Also, from purely practical standpoint it's often faster to walk uphill than trying to ride the bike there.

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    1. >"Also, from purely practical standpoint it's often faster to walk uphill than trying to ride the bike there."

      If the bike is geared appropriately for the hill, this rarely true. Riding up a steep grade isn't the most efficient use case for a bicycle, but walking up a steep grade isn't exactly fast either, and walking a bicycle up a steep grade is usually a clumsy worst-of-all-worlds situation.

      It's reasonable to have a bike that fails that .1% use case, although I'm surprised how often people seem to be badly overgeared for their typical local terrain.

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    2. There are a good few videos posted at YouTube of cyclists ascending Mamore Gap. Most show young racers struggling in high gears. Then there is one of two older gents, one quite stout, climbing steadily in appropriate gears. They are moving just as quickly as some of the strong young men. Definitely faster than the very overgeared. Very easy to see which style is effective.

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    3. The defeated feeling was situation-specific: I set out hoping to do it, but couldn't quite manage, so it was disappointing. Had the climb been part of my transport route, it would be a completely different thing.

      Of all the local racers and climbers-for-fun I know, only a handful have successfully climbed the Mamore Gap in one go from the north side (the other direction is easier, so not the same climb). None of them did it in a high gear. I will have to watch these videos.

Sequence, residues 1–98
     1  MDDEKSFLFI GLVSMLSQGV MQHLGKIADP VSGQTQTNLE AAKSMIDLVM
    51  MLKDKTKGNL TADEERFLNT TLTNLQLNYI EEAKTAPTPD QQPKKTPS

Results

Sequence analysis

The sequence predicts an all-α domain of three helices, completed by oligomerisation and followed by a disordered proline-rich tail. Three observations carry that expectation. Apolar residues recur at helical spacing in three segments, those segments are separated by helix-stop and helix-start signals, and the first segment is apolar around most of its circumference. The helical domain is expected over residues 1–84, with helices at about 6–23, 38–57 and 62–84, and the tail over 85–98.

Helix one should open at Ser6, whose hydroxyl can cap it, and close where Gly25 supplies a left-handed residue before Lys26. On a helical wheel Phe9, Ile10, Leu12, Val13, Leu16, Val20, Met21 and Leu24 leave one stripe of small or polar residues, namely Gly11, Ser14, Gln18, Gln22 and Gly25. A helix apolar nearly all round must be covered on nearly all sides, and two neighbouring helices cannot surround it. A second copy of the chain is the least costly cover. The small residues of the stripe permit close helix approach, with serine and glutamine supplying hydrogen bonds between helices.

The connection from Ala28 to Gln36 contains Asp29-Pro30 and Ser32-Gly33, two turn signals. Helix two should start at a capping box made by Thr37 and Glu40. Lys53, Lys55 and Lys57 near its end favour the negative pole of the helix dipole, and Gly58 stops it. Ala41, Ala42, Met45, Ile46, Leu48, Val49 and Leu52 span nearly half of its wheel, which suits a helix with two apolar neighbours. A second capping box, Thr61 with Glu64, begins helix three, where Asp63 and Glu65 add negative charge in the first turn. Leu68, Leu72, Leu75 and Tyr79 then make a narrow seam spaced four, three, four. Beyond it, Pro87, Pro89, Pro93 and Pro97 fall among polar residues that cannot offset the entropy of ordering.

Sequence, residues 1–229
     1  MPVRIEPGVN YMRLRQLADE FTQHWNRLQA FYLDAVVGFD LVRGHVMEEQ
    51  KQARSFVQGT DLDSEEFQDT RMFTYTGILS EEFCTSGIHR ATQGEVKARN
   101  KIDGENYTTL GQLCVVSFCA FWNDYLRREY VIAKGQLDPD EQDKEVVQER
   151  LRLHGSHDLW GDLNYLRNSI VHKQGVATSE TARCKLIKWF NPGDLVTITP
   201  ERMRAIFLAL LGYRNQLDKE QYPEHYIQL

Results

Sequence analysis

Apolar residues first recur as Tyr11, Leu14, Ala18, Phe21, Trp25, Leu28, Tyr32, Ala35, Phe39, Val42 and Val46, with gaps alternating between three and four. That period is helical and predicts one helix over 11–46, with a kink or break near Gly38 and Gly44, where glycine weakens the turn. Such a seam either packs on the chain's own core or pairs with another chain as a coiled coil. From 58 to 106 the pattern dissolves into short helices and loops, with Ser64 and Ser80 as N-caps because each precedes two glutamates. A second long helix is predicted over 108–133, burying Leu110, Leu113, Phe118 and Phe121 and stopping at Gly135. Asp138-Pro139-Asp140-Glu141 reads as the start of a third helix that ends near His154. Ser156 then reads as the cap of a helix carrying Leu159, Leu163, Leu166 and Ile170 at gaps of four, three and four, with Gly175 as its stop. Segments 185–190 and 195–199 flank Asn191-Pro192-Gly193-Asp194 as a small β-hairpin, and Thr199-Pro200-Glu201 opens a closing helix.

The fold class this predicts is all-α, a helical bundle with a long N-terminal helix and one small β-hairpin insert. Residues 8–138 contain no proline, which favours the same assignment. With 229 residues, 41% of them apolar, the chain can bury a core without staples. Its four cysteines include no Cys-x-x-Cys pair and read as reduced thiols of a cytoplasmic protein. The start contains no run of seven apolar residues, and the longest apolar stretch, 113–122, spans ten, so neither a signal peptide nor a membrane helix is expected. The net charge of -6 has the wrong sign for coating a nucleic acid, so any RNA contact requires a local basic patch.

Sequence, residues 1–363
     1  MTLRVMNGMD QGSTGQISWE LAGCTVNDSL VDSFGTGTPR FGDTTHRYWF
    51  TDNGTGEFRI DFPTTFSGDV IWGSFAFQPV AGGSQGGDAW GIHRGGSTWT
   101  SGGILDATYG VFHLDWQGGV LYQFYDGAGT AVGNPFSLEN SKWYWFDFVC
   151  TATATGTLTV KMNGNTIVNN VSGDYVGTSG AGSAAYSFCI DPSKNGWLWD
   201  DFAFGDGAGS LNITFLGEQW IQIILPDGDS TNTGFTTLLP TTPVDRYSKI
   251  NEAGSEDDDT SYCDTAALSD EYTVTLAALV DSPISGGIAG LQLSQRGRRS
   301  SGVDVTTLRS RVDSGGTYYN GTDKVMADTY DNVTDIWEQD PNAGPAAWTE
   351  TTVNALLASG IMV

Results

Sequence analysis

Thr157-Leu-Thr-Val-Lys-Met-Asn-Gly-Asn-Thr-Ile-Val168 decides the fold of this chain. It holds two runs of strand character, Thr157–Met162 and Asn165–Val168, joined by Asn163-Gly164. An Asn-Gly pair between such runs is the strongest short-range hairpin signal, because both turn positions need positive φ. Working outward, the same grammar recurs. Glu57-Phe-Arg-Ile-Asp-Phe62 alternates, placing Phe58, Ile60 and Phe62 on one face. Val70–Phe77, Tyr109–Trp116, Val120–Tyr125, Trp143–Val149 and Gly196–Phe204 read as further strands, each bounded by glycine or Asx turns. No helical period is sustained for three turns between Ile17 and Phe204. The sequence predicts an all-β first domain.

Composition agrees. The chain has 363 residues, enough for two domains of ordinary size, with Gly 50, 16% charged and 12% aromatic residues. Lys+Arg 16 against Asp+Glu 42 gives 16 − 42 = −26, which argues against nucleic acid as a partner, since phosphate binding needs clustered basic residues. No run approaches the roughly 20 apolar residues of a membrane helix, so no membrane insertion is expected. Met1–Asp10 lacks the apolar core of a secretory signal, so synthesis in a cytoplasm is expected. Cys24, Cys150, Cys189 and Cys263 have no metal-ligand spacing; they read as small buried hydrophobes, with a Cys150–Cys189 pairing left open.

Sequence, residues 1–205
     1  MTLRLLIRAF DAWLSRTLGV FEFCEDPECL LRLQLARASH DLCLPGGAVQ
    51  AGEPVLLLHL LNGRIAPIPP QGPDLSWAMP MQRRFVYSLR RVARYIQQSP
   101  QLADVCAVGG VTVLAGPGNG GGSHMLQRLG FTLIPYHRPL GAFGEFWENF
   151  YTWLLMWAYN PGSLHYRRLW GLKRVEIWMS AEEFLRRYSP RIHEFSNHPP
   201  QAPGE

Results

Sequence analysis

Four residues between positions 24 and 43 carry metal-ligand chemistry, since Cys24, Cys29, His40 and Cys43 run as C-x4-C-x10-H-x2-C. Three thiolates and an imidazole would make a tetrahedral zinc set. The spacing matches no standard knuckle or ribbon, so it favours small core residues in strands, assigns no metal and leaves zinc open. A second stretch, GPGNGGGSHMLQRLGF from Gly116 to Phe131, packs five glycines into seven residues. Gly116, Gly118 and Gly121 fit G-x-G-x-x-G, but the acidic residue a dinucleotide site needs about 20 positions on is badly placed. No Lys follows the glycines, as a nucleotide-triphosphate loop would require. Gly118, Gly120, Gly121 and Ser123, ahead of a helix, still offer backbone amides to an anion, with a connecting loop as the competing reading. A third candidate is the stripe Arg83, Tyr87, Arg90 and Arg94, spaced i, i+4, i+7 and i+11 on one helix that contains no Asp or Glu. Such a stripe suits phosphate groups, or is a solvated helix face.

When I was walking the steep sections, my progress was molases-like; my husband was definitely faster on the bike (and he tends to climb slower than I do). So bike is definitely faster in this instance, as long as the gearing/power is there and the mind commits.

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  2. "...as part of an 80 mile spin around the peninsula." - like a spin around the block, right?..wonderful and inspiring blog, an antidote to the mostly wasteland that is the internet.
    Thank you, and Happy New Year!

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    1. Thank you - though in fairness, we planned the route so that aside from the Gap it was all gentle rolling terrain. The Inishowen Peninsula is great for that, in that unlike the rest of Donegal there is a lot of variety in the terrain, allowing you to choose between flat or rolling or knee-breakingly hilly routes according to taste. If you cycle-tour just one bit of the north west, Inishowen is the part I'd recommend exactly for this reason.

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  3. About that man who rode to Buncrana...

    Your friend Emily O'Brien has posted an amusing anecdote about breaking a chainring while attempting to climb overgeared. Her verdict was that one should fit a stouter chainring when attempting such antics. The ring she broke was already much stouter than what Nottingham supplied on a roadster. The more usual failure on a roadster subjected to such abuse would be sheared cotters, bent or broken crankarms. Also possible would be snapped pedal or chain, folded wheel, broken frame. I will suppose that the householder descended the Gap with one boot in repose on the fork crown while smoking a clay pipe. I am not sure if he would be working the crossword puzzle or reciting the poems of Yeats.

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    1. My mother in law (in her latter-mid 70s) is at the tail end of that generation who rode their innocuous looking bikes over the local Terrain. When I asked her how they managed the gulp-inducing climbs, she shrugged. They simply walked over the steep bits. Problem solved. I suspect the Buncrana thatched cottage man used the same tactic.

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    2. Yes but Emily O'Brien is exceptional!

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  4. A Happy New Year to the author and to all whom I have 'met' through this blog.
    May 2017 bring you many happy miles!